If we approach our creed too rationally,  it will boggle our minds. But….if we approach our creed as a poem, then, it comes alive for us.

Do we literally believe these things? I don’t know if you do or not. But this is what I do know:  beneath all these words and images and concepts—within the very poem that is the Creed—there is something good and pure.  There is a God who reached out to us in the person of Jesus. There is a God that this person, Jesus, saw as a good and loving—a God who cares for each of us. And in the life of this person Jesus, God did some great things. And we believe that because God did great things in the life of Jesus, God does continues to go great things in our lives.  We believe because we know, in our hearts, that there is truth somewhere in all of this.

That is why the poem of Creed speaks to us.  We know something amazing really did happen and that because it did, life is different—life is better, despite everything that happens.  We didn’t see Jesus while he was alive and walking about.  We didn’t see first-hand how God worked in him and through him.  We didn’t see God raise him from the tomb.  

We don’t get the opportunities that Thomas had in this morning’s Gospel. Doubting Thomas, as we’ve come to know him, refused to believe that Jesus was resurrected until he had put his fingers in the wounds of Jesus.   You can tell Thomas didn’t have a poetic bone in his body—at least, before encountering the Resurrected Jesus.  Afterward, my guess is that he became very poetic.

It wasn’t enough that Jesus actually appeared to him in the flesh How many of us would only jump at that chance? For Thomas, Jesus stood there before him, in the flesh—wounds and all.   And only when he had placed his finger in the wounds, would he believe.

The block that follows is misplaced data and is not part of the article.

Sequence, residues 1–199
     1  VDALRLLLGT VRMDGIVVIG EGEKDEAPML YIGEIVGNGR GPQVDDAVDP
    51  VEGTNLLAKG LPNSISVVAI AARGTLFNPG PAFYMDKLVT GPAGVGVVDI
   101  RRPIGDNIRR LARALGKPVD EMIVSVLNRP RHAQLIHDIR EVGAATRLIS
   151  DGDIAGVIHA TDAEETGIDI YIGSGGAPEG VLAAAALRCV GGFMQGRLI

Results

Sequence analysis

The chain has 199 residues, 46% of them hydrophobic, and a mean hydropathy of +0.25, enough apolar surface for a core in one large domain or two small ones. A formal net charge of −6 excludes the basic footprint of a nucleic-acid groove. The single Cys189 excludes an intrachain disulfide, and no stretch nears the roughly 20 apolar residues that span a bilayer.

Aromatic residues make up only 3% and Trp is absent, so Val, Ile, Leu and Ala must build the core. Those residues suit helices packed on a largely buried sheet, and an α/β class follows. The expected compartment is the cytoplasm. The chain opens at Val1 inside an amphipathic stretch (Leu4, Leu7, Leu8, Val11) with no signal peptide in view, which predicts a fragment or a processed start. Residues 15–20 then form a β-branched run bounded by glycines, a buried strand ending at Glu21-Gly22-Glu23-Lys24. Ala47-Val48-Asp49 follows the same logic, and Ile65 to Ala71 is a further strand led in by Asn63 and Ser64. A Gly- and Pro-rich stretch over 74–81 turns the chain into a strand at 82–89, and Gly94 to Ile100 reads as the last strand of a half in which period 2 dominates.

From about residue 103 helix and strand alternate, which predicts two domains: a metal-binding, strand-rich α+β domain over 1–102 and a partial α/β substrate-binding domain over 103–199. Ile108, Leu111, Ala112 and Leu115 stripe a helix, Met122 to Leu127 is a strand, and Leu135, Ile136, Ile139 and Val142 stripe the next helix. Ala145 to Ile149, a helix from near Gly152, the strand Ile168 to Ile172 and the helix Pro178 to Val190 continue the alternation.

But, the fact is, for the rest of us, we don’t get it so easy.  Jesus is probably not going to appear before us—in the flesh.  At least, not on this side of the Veil—not while we are still alive.  If he does appear to you—in any shape or form—please let me as your priest know.

The fact is, we are not going to have the opportunity to touch the wounds of Jesus.
 To believe without seeing, is not easy.   It takes work and discipline.  A strong relationship with God—this invisible Being we might sense, we might feel emotionally or spiritually, but we can’t pin-point—takes work—just as any other relationship in our life takes work.  It takes discipline.  It takes concentrated effort.

Being a Christian does not just involve being nice on occasion.   Being a Christian doesn’t mean just being ethical and moral.  Being a Christian means living one’s faith life fully and completely as a Christian.  Being a Christians means being a reflection of God’s love, God’s Presence, God’s joy and goodness in the world. Being a Christian means being God’s poem all the time.  

And when we do that, God is present among us.  We can’t prove it.  We can’t quantify it.  But we know it.  And we feel it.

Now, for Thomas, he saw.  He touched.  It was all clear to him.  We don’t get that chance. Thank God, we don’t get that chance!

 “Blessed are those who believe but don’t see,” Jesus says this morning.

We are those blessed ones.  We are the ones Jesus is speaking of in this morning’s Gospel. Blessed are all of you. You  believe, but don’t see.

Seen or unseen, we know God is there.   And our faith is not based on seeing God here in front of us in the flesh or proving the existence of God, or finding scientific proof for the Resurrection.  Because we have faith that one day, yes, we will see God.

Yes, God will raise us, like Jesus, up from our own death.  Because Jesus died and was resurrected, we too will die and be resurrected by Jesus’ God. What comes after that…again, we don’t know. The poem of our lives will continue, though. At least from what we see in the resurrected Jesus, it will be wonderful.  And that wonderful reality awaits us too. That is where our hopes lie. That is the true Easter hope and joy.

Death is not the end. It is, in fact, only the beginning.

Blessed are we who believe but don’t see now.   The Kingdom of Heaven is truly ours.